I decided to take the bus, followed by the metro, followed by walking to reach my hotel. On a good day navigating from point A to point B proves to be somewhat challenging. Today was no different. Navigating the public transit was no problem. However, walking from the metro to my hotel proved to be a much more challenging task. After many wrong turns I eventually reached my hotel.

My hotel was not as nice as my hotel in Paris (which was super surprising). but served its purpose. After getting settled in it was almost dinner time. Because I was unfamiliar with the area I did not want to do too much venturing. I decided to ask at the front desk for a dinner recommendation. When I told the receptionist I was a vegetarian he was at a total loss for recommendations. I ended up wandering around the few blocks surrounding my hotel. Eventually, I found a restaurant with a temeph option and decided that was perfect.

While the Czech Republic is part of the European Union it does not use the euro, but rather uses the Czech koruna (CZK). Once CZK is worth about $0.04. This means that prices initially appear much more expensive. However, after converting the CZK to USD the prices were much more reasonable, even cheap! Dinner and three drinks cost under $14!

After dinner I called it quits as I wanted to get a good night’s sleep so that I would be ready for a long day of adventuring.

It’s Been Awhile

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Wow! I didn’t realize how long it had been since my last post. Life has been both eventful and uneventful over the past couple of weeks. Below you will find a quick summary of what’s been going on in my life. Next week I will post more thorough updates on my life.

Let’s start with the reason I haven’t been able to update in some time. Last week, I had an accident involving my laptop and a glass of water. Needless to say, it was out of commission for nearly one week. The good news is that my patience seems to have been worth it. My laptop (for the time being) seems to be working just fine. Fortunately, I have a comprehensive insurance/protection plan on my laptop that covers liquid damage. My plan is to continue to use the laptop as long as it is properly functioning. Being in France makes the timeline for repairs much longer than normal. Almost one month ago I dropped and broke my iPad. I am still waiting for it to arrive in France…The moral of this story is that technology hates me!

Other than dealing with broken technology my life has been relatively boring. Two weekends ago Matt, Ben, and I went to Loches for a Medieval costume exhibition. I will post pictures and tell more about that trip next week.

Last weekend was la Journée du Patriomoine and we were able to go to the top of one of the towers of la Cathédrale de Tours. It offered an excellent view of the city. Again, pictures will come next week, as well as a full synopsis of the day.

Tomorrow I am headed to London for the weekend. I feel completely unprepared for this trip, but am looking forward to a low-key weekend. The one experience that I must have is visiting the wooden hippo on the River Thames. 🙂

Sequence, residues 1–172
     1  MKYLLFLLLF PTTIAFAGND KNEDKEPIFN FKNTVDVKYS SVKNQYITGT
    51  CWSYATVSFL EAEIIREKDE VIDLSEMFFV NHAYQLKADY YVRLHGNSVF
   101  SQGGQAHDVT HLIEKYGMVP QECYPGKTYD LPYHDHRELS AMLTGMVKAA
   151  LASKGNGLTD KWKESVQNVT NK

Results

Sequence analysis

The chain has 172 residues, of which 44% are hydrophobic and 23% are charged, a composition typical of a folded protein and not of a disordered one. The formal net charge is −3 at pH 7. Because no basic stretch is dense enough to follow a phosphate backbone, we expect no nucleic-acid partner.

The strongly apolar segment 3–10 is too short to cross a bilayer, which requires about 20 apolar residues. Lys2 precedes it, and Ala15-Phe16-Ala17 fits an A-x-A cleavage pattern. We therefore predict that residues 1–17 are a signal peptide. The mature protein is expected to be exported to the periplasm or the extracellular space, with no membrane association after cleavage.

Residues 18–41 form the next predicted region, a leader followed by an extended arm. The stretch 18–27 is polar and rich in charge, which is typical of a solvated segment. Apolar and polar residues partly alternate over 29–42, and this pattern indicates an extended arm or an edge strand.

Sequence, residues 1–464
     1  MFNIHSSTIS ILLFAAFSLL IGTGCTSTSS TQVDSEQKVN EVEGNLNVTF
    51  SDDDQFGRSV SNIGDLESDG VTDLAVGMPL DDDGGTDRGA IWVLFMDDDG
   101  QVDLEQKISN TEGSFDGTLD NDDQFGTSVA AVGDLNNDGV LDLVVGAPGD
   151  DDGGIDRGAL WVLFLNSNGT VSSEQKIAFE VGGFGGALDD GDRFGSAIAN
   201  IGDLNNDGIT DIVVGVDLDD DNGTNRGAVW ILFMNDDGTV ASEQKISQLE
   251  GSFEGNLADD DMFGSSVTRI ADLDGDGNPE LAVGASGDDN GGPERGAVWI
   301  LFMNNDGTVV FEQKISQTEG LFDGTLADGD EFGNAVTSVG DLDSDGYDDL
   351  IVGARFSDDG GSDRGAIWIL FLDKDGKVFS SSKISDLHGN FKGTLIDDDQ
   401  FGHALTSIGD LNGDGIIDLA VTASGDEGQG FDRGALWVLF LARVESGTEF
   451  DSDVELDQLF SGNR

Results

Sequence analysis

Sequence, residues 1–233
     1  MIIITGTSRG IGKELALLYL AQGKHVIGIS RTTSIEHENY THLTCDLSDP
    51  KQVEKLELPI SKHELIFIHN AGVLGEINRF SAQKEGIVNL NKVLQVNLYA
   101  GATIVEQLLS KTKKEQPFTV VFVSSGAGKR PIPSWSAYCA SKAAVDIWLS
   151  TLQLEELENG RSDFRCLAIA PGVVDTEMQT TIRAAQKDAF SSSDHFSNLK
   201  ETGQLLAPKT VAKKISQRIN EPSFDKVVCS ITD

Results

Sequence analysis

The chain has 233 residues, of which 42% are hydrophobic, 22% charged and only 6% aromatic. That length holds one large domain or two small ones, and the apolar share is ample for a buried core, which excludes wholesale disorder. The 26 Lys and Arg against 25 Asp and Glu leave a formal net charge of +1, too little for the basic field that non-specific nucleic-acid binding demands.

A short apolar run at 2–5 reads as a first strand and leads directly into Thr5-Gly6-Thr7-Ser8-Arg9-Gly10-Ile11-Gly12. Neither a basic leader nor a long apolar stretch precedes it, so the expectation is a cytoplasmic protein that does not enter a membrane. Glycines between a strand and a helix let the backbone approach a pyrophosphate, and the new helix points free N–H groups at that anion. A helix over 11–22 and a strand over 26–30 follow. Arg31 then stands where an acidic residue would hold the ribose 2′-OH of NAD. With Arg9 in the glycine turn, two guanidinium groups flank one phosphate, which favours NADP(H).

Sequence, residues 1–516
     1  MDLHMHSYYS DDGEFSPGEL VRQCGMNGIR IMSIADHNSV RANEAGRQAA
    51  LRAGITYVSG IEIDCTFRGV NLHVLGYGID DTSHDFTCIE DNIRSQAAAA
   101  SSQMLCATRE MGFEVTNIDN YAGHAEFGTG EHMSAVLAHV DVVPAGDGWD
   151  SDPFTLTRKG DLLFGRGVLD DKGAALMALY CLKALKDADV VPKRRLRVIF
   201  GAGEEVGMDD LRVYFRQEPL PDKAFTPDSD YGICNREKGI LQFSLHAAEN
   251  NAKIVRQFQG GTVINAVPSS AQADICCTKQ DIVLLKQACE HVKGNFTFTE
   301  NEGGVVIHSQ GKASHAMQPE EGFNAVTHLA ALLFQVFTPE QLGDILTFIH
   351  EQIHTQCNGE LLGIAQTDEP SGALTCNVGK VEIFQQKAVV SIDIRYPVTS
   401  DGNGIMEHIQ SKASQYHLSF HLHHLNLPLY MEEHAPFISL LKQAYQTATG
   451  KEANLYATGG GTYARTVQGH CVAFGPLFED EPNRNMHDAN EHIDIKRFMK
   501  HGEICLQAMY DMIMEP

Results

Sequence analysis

The apartment hunt is also in full swing. I’ve only ever been apartment hunting once in my life (during college), but it is much more stressful than I remember. I’m keeping my fingers crossed and an optimistic attitude toward the whole experience. Next week is my first meeting for my position. Here’s to hoping that everything goes smoothly.

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La Loire at twilight.

The First of Many Firsts

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While preparing for my year abroad I tried to set a number of goals for myself. Taking the risk of moving overseas was huge for me. On the outside, I seem very outgoing and motivated, but internally I am reserved and scared. The fact that I followed through on this opportunity was huge.

Another goal that I set was to truly immerse myself in the language and culture, which also means that I will speak only in French. This goal was relatively easily achieved beginning on my first day, as there was a French family visiting Matt and Benoit for a few days. If you ever want to test your ability to speak another language try interacting with children who speak that language. Wow! That was a challenge. By the time the family left I was interacting with them comfortably (while still making mistakes, but being okay with that).

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I also would like to do at least one new thing each day. Some days will be more monumental than others. The task might be as simple as going to the mailbox alone (which I did!). Another relatively major first was playing pétanque. I had taught my students about pétanque, I had seen pétanque played in movies, but I had never actually tried playing it.

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Needless to say, pétanque was everything I had hoped it would be. I was surprisingly good at it, much like feather bowling. We started out having three people on each team (one child per team). Watching tiny French children play pétanque was one of the cutest things I have ever seen!

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I know there will be many more firsts throughout the year and I am eager for each of them!